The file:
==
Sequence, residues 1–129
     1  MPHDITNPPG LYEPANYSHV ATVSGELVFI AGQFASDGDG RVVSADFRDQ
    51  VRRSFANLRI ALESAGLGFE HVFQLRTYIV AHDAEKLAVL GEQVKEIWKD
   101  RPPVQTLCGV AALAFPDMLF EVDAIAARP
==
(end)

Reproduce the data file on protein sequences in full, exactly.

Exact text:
Sequence, residues 1–129
     1  MPHDITNPPG LYEPANYSHV ATVSGELVFI AGQFASDGDG RVVSADFRDQ
    51  VRRSFANLRI ALESAGLGFE HVFQLRTYIV AHDAEKLAVL GEQVKEIWKD
   101  RPPVQTLCGV AALAFPDMLF EVDAIAARP